ERK1 and -2 are closely related MAPK isoforms that are activated by Mek1 or -2 and regulate signaling pathways that control cell motility, invasion, and cytoskeleton remodeling during migration in culture (Yao et al., 2003; Bost et al., 2005). Our results show that migration defects of Rh−/− fibroblasts result from an inability to sustain and maximally activate ERK1,2 after growth factor stimulation. These results are consistent with our previous evidence that cell surface Rhamm is required for PDGF-stimulated ERK1,2 activity in mesenchymal cells and for promoting migration by regulating signaling through upstream activators of ERK1,2, including HA, Src, Ras, and FAK (Hall et al., 1995, 1996; Turley et al., 2002). Others have also documented a role for cell surface Rhamm in activating signaling cascades that regulate motility and that directly or indirectly affect ERK1,2 activation (Lokeshwar and Selzer, 2000; Aitken and Bagli, 2001; Goueffic et al., 2006). Although cell surface Rhamm can promote ERK1,2 activity to levels sufficient to sustain motility in the absence of intracellular forms, levels were lower than in cells expressing both cell surface and intracellular Rhamm (e.g., RhFL-rescued fibroblasts). Furthermore, although cell surface Rhamm–activated ERK1,2 translocated to the nucleus, activity did not persist here as it did when intracellular Rhamm was also present. These results indirectly implicate intracellular Rhamm forms in aspects of ERK1,2 activation/compartmentalization. These intracellular deficiencies did not affect the ability of cell surface Rhamm to promote motility during our experimental time frame but could affect other functions associated with ERK1,2 activity, such as invasion and mitosis, neither of which were rescued by cell surface Rhamm alone (unpublished data). The consequences of ERK1,2 signaling on cell differentiation, migration, and proliferation depends on activation kinetics and subcellular compartmentalization (Colucci-D'Amato et al., 2003; Hendriks et al., 2005; Hornberg et al., 2005). These factors are determined by receptor dimerization and internalization, cross talk with other receptors, association of ERK1,2 with adaptors, and activation of other kinases or phosphatases that modify ERK1,2 activity. Our study raises the possibility that cell surface and intracellular Rhamm may differentially affect the activation levels and subcellular targeting of ERK1,2, which have consequences to motility- and invasion-related gene expression and phosphorylation of intracellular substrates that are involved in cell migration/invasion (Huang et al., 2004).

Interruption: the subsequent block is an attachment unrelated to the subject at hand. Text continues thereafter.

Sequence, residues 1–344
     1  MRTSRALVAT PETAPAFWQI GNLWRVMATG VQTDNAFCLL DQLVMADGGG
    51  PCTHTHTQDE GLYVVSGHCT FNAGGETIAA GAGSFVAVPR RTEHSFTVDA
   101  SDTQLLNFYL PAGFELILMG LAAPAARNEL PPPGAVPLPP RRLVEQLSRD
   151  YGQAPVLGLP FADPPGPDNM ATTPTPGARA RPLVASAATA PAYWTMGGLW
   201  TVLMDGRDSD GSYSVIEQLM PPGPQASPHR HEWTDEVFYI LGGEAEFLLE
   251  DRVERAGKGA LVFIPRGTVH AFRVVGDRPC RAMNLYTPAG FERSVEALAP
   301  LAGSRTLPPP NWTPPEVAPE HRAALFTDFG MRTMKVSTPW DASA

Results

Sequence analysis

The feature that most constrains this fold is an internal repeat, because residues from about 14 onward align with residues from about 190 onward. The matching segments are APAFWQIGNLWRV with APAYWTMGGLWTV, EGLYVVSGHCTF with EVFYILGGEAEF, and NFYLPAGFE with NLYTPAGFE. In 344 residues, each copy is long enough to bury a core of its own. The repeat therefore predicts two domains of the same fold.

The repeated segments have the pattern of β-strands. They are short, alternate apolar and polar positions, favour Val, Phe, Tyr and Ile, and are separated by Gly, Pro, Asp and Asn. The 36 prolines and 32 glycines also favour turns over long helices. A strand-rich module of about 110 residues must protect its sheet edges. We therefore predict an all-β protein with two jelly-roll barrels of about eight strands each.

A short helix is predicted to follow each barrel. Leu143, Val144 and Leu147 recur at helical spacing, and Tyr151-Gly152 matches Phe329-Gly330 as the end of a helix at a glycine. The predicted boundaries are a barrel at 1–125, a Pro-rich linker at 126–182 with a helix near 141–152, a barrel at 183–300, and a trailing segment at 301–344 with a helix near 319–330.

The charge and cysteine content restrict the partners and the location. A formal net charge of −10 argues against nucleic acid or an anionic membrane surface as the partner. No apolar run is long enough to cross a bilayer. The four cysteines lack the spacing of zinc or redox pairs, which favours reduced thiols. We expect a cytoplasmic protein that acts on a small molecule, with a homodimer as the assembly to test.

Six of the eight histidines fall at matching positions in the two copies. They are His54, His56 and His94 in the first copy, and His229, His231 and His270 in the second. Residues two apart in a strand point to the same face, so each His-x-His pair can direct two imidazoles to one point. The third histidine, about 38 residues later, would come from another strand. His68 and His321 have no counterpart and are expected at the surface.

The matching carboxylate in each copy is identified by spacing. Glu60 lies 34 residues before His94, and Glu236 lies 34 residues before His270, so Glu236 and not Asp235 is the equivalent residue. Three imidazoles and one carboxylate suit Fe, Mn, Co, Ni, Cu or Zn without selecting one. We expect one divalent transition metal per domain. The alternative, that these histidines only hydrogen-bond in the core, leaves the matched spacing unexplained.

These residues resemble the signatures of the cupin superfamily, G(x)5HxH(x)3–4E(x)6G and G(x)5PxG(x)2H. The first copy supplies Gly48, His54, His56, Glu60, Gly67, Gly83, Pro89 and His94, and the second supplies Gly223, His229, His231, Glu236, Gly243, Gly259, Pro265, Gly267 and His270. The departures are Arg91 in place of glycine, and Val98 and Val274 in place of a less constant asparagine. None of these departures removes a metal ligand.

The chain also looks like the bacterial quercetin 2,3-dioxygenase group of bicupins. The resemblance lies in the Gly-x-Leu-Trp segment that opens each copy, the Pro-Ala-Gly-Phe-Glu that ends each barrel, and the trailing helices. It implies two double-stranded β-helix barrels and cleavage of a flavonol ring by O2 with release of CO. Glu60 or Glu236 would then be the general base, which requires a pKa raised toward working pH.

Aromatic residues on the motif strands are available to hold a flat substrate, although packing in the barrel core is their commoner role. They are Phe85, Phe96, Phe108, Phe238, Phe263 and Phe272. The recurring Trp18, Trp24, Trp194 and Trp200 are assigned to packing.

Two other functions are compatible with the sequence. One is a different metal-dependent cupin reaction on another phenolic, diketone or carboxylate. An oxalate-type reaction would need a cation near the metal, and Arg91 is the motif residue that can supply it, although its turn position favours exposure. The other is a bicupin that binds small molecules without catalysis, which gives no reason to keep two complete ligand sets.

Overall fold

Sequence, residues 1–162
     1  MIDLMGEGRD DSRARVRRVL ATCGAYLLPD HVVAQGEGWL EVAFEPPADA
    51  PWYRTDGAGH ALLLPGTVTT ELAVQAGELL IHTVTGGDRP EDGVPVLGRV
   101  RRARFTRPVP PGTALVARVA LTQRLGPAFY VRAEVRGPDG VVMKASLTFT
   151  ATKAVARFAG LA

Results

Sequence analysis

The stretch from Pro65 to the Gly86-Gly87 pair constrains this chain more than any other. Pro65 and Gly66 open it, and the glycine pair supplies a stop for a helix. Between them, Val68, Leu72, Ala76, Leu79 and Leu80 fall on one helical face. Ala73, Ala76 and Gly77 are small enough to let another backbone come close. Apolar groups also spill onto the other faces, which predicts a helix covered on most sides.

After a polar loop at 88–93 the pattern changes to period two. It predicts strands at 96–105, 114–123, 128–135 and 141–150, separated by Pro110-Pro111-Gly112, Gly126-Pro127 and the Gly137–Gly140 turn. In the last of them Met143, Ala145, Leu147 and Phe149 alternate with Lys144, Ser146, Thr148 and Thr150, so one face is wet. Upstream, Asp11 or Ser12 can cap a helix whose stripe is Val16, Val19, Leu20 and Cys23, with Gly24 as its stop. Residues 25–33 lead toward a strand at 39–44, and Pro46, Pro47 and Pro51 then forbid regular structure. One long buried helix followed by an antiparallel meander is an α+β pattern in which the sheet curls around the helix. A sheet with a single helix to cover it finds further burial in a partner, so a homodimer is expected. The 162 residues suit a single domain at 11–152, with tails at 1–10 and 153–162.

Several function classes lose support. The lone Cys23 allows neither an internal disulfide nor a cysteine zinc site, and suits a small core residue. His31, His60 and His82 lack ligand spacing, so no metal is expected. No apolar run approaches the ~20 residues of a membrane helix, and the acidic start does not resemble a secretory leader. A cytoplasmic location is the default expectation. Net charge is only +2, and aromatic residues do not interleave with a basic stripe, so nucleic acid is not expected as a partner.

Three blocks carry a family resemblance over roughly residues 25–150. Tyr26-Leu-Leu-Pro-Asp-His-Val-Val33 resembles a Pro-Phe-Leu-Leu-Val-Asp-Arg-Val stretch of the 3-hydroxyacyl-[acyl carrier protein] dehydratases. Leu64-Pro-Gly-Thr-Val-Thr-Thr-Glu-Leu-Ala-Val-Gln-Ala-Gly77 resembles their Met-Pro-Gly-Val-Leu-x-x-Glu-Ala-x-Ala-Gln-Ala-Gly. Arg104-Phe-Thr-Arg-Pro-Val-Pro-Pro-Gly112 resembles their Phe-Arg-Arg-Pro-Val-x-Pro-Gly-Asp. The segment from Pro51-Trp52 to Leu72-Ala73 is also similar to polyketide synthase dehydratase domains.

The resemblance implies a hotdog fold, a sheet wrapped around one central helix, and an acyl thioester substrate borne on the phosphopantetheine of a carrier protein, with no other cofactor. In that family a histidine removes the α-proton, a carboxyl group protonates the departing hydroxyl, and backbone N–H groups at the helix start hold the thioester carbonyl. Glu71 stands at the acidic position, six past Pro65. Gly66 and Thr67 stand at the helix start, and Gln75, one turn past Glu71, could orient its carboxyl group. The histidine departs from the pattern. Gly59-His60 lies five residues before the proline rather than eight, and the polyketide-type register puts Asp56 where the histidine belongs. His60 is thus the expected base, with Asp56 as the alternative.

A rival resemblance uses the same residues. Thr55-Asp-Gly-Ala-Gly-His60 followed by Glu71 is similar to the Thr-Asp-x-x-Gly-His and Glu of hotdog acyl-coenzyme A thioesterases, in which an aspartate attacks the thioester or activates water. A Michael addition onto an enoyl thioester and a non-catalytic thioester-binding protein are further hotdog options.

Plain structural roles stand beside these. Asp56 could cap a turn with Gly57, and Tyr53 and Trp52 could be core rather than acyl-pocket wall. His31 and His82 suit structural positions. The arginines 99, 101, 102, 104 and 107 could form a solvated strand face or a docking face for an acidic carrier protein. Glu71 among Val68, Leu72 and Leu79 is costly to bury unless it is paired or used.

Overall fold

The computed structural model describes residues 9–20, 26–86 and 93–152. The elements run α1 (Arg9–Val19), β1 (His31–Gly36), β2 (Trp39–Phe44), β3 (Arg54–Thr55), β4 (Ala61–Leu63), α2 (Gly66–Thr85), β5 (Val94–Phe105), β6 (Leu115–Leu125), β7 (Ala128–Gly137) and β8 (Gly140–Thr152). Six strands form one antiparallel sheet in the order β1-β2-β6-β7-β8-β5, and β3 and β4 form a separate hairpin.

ERK1,2 regulate motility by both transcriptional and posttranslational mechanisms. For example, initiation and early phases of migration during wound repair do not require transcription (Providence and Higgins, 2004) but, rather, involve phosphorylation of predominantly cytoskeleton-associated substrates required for motility, such as myosin (Huang et al., 2004; Helfman and Pawlak, 2005; Simoes and Fierro, 2005). Our results also identify a role for ERK1,2 activity in sustaining cell surface display of CD44, an integral membrane protein required for motility in response to growth factors and HA (Toole, 2004). ERK1,2 promote recycling of clathrin-negative early endosomes back to the cell surface, a pathway associated with recycling of β1 integrins and E-cadherin (Robertson et al., 2006). A similar ERK1,2-regulated recycling event may be responsible for maintaining CD44 at the cell surface.